The Fourth of July celebrates the Declaration of Independence of the American colonies of Great Britain, on the grounds that they deserved representative government and popular sovereignty– something denied to them by the British crown.
Iraq was occupied by American troops in 2003 after an illegal invasion, and it is still so occupied. The viceroy appointed by George W. Bush, Paul Bremer, had no legal charter from the US Congress and represented no one, having never been elected to anything. He wrote dozens of laws for the Iraqis by fiat. They are still technically the law of the land in Iraq. He used Iraq’s oil revenue, billions of dollars worth, to run his interim government, even though no Iraqi voted to give it to him for that purpose. In subsequent years the US intervened heavy-handedly in Iraqi political affairs and still does so today. Few complaints of the Founding Fathers against Britain could not be lodged against the United States by Iraq.
All through spring of 2009, US officers in Iraq heavily lobbied the new president, Barack Obama, not to honor the Status of Forces Agreement that George W. Bush had negotiated with the Iraqi parliament during his last months in office. It called for troop reductions. The officers opposed them. It called for US forces to cease actively patrolling major Iraqi cities on June 30, 2009. the officers said that step was foolhardy, and would make it impossible to keep up their collection of intelligence on urban guerrillas. It called for rapid US troop reductions. The officers argued that Iraq would fall back into instability.
Obama stuck to his guns, and the US soldiers stopped patrolling the cities independently on June 30, 2009. In July of that year, the number of attacks by guerrillas and the number of civilians killed both fell by one third. It appears that the patrols were causing violence, not stopping it, since the guerrillas attacked the patrols and ended up killing civilians.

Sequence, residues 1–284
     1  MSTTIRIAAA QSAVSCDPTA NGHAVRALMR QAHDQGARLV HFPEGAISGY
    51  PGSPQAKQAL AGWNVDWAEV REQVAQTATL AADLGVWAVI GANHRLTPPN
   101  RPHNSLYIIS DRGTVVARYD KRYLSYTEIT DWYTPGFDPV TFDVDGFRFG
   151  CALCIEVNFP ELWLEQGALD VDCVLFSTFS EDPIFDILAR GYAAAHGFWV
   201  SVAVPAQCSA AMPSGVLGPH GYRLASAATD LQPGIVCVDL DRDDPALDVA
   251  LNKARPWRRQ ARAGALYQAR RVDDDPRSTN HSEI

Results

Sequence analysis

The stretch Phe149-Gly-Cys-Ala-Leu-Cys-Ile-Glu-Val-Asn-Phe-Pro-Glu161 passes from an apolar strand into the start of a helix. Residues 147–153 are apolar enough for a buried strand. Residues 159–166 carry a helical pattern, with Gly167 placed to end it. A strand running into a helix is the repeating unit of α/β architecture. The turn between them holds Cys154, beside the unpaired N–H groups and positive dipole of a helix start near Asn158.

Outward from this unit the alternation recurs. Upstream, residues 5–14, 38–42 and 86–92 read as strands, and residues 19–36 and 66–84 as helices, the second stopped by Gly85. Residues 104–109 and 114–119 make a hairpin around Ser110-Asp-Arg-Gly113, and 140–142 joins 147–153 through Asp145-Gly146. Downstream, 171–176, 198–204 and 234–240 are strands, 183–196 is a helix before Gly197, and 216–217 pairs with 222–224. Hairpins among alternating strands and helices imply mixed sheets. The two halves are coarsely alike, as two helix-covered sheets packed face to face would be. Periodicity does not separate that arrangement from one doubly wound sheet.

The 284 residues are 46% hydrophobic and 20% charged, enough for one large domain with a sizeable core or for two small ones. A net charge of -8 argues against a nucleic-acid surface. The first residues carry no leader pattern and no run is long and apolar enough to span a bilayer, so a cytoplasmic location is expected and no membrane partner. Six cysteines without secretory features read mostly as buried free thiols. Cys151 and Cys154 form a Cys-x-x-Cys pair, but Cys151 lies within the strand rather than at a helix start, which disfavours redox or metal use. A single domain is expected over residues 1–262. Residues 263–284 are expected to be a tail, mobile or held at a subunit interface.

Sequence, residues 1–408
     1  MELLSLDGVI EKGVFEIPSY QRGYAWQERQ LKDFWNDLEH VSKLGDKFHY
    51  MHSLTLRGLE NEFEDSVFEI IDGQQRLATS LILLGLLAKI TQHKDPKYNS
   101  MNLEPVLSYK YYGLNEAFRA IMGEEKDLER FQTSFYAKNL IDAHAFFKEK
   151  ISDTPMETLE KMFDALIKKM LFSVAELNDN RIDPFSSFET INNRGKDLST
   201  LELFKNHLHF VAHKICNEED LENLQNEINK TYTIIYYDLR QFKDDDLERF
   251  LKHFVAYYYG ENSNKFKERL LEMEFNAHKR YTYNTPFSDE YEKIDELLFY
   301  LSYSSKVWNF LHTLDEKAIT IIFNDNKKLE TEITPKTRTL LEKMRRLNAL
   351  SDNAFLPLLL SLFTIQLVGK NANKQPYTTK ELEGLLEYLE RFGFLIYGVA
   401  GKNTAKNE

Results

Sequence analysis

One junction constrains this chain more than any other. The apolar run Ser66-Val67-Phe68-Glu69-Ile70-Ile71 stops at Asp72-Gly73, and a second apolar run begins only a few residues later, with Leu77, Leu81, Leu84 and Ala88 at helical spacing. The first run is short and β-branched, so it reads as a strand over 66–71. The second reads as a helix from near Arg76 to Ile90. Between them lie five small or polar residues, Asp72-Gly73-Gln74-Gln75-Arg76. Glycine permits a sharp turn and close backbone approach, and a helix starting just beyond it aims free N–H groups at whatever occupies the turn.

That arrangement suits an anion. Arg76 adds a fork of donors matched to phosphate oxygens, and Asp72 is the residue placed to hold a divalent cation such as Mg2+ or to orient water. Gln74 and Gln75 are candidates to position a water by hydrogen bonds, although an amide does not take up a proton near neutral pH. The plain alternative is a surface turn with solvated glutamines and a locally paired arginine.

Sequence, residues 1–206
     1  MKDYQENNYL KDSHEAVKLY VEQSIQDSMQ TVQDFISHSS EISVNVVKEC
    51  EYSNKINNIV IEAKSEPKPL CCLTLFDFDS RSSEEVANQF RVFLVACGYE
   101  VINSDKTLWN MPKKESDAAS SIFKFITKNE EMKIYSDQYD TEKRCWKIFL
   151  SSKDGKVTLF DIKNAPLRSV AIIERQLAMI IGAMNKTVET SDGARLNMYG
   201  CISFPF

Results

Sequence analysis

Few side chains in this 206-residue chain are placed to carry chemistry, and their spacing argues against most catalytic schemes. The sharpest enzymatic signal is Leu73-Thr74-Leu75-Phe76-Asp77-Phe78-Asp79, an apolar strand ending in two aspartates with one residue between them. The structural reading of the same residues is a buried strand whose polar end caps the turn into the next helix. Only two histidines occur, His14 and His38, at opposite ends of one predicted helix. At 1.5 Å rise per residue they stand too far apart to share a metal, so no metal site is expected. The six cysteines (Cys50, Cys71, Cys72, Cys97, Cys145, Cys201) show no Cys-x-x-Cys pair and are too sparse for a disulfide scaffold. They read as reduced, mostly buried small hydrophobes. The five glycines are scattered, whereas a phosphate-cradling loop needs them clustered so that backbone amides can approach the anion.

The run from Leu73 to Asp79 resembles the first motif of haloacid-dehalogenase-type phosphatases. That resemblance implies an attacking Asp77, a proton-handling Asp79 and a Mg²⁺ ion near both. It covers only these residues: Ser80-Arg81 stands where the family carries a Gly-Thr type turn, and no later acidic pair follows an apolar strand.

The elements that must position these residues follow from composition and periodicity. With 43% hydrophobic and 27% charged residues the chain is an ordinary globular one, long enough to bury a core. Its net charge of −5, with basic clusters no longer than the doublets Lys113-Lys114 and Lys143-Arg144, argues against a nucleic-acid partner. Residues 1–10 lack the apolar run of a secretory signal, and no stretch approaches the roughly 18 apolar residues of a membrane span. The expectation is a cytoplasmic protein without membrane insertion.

The troop withdrawal also proceeded apace throughout the past year. Although Iraq remains in a low-intensity civil war, the monthly death toll of civilians and security forces averages 300-400 now, compared to 2500 a month in summer of 2006. At the height of the troop escalation or surge there were around 170,000 US troops in Iraq. Today there are about 88,000 and the number is rapidly falling.
Everything the naysayers in the Pentagon alleged about the effect of implementing the SOFA was wrong.
Now unnamed sources in Iraq are leaking again to the New York Times. They want to insist that the timetable for troop withdrawal in the SOFA is unrealistic. They cannot imagine that US troops will really leave by the end of 2011. They are sure that the SOFA will be renegotiated by the new Iraqi government whenever it is finally formed.
While the SOFA could be tinkered with, there are powerful forces working against that outcome. The Sadrists, fundamentalist Shiites who follow cleric Muqtada al-Sadr, may well be kingmakers of the new government, and they are dead set against any change to the SOFA timetables. The Sadrists are highly politically networked and their relative success in the March 7 parliamentary elections attests to their political strength even today. They could prove spoilers of any attempt by the US to drag its feet on withdrawal, since they can put thousands of protesters and hundreds of guerrillas in the street.